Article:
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Internationally Recognized Leader in Biosensor Development to Join Jupiter’s Max Planck

Max Planck Florida Institute for Neuroscience (MPFI) announces that neuroscientist Dr. Lin Tian has been appointed as its third Scientific Director. Tian joins current scientific directors, Dr. David Fitzpatrick and Dr. Ryohei Yasuda, to expand the institute’s work to develop new technologies for understanding the structure, function, and development of neural circuits. Dr. Tian has developed biosensors that enable researchers to better understand the role of dopamine and serotonin in the brain, providing critical insights into the regulation of brain circuits and behavior, and how they fail in brain disorders.

“Lin’s success reflects her exceptional strengths in molecular biology and her passion for taking high-risk novel technical approaches that have yielded powerful new discoveries,” said Dr. Fitzpatrick, who also serves as the organization’s CEO. “She also possesses a strong collaborative spirit–a genuine conviction that her research has the greatest impact when it advances lines of inquiry pursued by scientists with complementary expertise in areas such as neural circuit function and drug development.”

Dr. Tian brings an unrivaled passion for revealing the connections between brain function and behavior in healthy brains and in diseased states. Before MPFI, she served as Professor and Vice Chair in the Department of Biochemistry and Molecular Medicine at the University of California Davis School of Medicine. She will remain as a clinical professor at UC Davis in addition to her role at MPFI.

An advocate for open science and a leader in neuroengineering, Dr. Tian collaborates with neuroscientists around the globe to develop molecular tools for understanding and repairing the brain, actively disseminating her methodologies to the wider scientific community. Her lab pioneered the development of neuromodulator sensors, enabling the neuroscience community to challenge and refine established theories. Her work on developing new ways to screen fast-acting antidepressants without unwanted properties has also been featured in National Geographic, helping to bring her cutting-edge science to a wider audience.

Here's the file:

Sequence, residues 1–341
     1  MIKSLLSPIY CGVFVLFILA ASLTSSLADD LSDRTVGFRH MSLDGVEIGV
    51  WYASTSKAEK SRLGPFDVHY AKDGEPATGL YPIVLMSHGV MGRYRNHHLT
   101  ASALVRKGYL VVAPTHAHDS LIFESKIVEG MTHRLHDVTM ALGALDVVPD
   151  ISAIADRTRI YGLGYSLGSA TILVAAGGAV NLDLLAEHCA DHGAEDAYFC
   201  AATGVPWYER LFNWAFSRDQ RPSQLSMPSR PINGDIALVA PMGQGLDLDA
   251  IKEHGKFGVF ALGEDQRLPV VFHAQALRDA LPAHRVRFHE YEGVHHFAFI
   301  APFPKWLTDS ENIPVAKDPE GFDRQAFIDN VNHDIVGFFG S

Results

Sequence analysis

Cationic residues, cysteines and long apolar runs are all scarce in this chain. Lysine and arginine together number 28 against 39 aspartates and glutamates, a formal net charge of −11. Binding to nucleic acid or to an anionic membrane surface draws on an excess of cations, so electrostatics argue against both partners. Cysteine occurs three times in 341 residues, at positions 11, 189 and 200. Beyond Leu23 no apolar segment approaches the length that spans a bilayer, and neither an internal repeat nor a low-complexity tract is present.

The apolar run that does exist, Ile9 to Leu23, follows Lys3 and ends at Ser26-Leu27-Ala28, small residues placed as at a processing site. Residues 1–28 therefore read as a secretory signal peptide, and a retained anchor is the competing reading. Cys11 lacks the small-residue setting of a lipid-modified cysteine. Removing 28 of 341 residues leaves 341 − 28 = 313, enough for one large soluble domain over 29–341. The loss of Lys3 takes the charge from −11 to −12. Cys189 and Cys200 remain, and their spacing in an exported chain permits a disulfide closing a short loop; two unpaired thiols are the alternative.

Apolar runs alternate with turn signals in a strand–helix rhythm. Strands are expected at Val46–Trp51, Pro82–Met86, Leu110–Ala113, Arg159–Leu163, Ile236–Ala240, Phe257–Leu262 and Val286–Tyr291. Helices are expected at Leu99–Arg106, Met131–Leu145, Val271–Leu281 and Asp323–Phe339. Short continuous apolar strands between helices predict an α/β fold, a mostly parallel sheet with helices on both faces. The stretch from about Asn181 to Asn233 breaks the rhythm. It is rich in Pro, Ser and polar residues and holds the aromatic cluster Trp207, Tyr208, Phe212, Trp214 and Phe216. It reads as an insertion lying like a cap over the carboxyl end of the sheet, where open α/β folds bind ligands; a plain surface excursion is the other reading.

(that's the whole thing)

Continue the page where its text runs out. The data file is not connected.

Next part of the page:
Dr. Tian’s recent work focuses on developing a unifying theory to explain how neurotransmitters and neuromodulatory systems work together across scales, from molecules to behavior. Tian’s recent work focuses on developing a unifying theory to explain how neurotransmitters and neuromodulatory systems work together across scales, from molecules to behavior. This fundamental knowledge will support the development of novel, faster-acting therapeutics for neurologic and psychiatric disorders.

“Lin has been a pioneer in monitoring brain biochemical states – this gives an exciting new avenue to understand the interplay between neuronal circuits and biochemical information processing in the brain. Lin’s research will broaden the institute’s scientific ground and allow new perspectives on brain function,” said fellow Scientific Director Ryohei Yasuda.